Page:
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Purchase Links:
Amazon

Title: You, Me, U.S.

Author: Brij Bautista

Genre: Romance, Contemporary, Adult, Sapphic Romance

Rating: 5/5

Summary:

Best friends Jo and Liza are as opposite as night and day. Sex worker Jo swears by the worry-free, one-day-at-a-time dance through life. Sales clerk Liza has big plans for her family’s future, and there is nothing bigger than a one-way trip to the U.S. But an almost-kiss, a sex dare, and news of Liza’s engagement to her American boyfriend unveil feelings Jo and Liza never thought they had. Deciding between staying together and drifting apart puts Liza’s best-laid plans and Jo’s laidback life in jeopardy.

When love clashes with lifelong ambitions and family expectations, someone has to give in.

Question is: who?

Trigger warnings: Sex work, dehumanization of sex workers

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THIS IS THE WOKE FILIPINO ROMANCE BOOK Y’ALL NEED IN YOUR LIFE BOOTS THE HOUSE DOWN.

There are so many discussions this book could start off: the fetishization of Asian women by white men; the sex industry and the dehumanization and abuse of those who work in it; the issue of contractualization or “endo”; the harassment of women. Brij Bautista really hits all the spots with this book, which is simultaneously a hard-hitting social commentary and an ultra-sweet romance.

Jo’s origin story is quite common in the urban poor areas of Manila. She came to the city looking for fame and fortune as a singer, only to fall into prostitution when no other work materialized. Sex work is fun, interesting, and easy money for wild and carefree Jo, who doesn’t believe in love or ‘The One’.

Liza is almost the exact opposite. A victim of supermarkets and department stores’ “endo” schemes (look it up, it’s a horrible practice that violates a metric shit ton of labor laws – and is also why I am SOOOO ANGRY with Fil-Ams who equate their Filipino-ness with liking Jollibee), Liza has always dreamt of marrying an American and being able to bring her family to the U.S.

Despite their differences, Liza and Jo are the best of friends. That all changes after an almost-kiss that leaves both their feelings in shambles. An added complication is the fact that Liza’s American boyfriend, Chris, has finally popped the question, promising to bring Liza and her whole family to the U.S. with them when they get married.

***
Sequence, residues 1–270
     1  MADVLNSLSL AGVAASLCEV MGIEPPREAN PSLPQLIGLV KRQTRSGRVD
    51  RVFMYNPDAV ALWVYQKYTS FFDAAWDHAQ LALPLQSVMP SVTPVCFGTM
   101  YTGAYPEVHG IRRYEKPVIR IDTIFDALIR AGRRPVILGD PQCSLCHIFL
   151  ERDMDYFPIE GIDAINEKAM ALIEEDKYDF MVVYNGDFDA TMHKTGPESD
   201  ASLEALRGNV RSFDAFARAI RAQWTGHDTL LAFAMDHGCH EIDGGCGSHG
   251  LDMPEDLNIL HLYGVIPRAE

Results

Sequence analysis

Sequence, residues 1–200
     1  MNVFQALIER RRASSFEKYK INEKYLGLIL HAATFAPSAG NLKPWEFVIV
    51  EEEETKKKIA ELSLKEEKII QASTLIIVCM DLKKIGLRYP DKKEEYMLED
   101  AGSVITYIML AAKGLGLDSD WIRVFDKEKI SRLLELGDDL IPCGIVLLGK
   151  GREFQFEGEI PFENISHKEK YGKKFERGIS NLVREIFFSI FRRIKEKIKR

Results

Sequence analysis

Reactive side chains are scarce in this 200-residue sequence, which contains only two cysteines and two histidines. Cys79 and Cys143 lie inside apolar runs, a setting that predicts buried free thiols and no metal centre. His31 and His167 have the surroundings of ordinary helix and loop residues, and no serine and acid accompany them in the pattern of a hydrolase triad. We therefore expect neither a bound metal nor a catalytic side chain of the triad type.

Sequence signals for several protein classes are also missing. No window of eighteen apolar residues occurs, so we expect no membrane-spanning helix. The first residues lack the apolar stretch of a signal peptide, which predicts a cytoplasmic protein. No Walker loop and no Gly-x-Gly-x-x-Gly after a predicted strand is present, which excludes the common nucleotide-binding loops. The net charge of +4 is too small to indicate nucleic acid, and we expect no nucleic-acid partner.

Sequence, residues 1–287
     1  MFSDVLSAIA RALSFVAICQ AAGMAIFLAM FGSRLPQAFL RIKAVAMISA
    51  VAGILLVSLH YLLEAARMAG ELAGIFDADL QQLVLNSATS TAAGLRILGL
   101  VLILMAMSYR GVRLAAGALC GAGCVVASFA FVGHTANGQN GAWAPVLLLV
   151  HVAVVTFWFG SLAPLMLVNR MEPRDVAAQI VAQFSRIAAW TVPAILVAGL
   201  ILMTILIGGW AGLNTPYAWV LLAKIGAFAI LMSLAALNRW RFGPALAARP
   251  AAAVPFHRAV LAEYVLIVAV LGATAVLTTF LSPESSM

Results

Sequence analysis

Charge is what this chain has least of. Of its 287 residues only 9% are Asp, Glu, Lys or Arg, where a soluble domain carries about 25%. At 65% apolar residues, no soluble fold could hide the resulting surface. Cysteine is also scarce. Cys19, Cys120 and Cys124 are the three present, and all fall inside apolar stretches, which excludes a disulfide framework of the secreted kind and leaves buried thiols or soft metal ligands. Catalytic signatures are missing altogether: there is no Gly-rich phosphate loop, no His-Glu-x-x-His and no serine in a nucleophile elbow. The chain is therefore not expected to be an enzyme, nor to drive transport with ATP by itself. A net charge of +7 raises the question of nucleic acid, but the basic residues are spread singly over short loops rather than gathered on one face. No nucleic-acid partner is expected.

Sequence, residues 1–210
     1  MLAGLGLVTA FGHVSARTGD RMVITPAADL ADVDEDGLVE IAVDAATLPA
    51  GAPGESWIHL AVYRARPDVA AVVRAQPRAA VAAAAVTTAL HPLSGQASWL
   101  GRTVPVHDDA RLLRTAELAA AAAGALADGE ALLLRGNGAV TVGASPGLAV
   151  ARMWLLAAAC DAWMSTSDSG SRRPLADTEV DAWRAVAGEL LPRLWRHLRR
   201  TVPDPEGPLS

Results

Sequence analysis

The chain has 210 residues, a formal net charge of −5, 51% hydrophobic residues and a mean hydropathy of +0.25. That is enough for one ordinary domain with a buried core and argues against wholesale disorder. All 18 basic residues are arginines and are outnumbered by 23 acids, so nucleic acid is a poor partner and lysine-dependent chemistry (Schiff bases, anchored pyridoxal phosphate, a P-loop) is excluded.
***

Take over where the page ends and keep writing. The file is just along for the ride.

Gosh, you guys. I don’t even know where to start my review for this book. But it was just so wonderful that it honestly deserves my best effort, so here we go!

The relationship between Jo and Liza just felt so natural, and the chemistry was perfect. Best friends to lovers is my FAVORITE TROPE EVER, and Brij Bautista did it beautifully. I especially loved the whole self-searching journey Jo goes on towards the end of the book before she decides if she really wants to get together with Liza or not. It’s so in keeping with her cynical character that suddenly realizes her philosophy is wrong and she’s actually capable of love!

Another thing I loved about the romance in this book is the inevitable discussion of sacrificing one’s dreams in favor of your family’s ambitions. This is a common theme in most novels set in the Philippines. In a country where poverty is the norm and people often (misguidedly) decide to rely on their children to bail them out of poverty by becoming rich and/or famous. This is the case for Liza, whose family is relying on her to marry an American in order to get them all to the States. The book doesn’t shy away from discussing the fact that Liza being together with Jo instead of her American fiance essentially means tanking her family’s dreams, not to mention the realization on the part of Liza’s mother that putting this burden solely on Liza isn’t right.

If you’re looking for a compelling read that’s all about finding hope in the most hopeless of situations, finding love when you least expect it, and the eternal compromise between happiness and ambition, this is definitely the romance for you.

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4 thoughts on “[Mini-Review] Two Romances I Absolutely Adored: Flipping the Script & You, Me, U.S.

  1. Pingback: The Best Books of 2019! | Your Tita Kate

  2. Pingback: Year of the Asian Reading Challenge (ft. a free spreadsheet!) – Your Tita Kate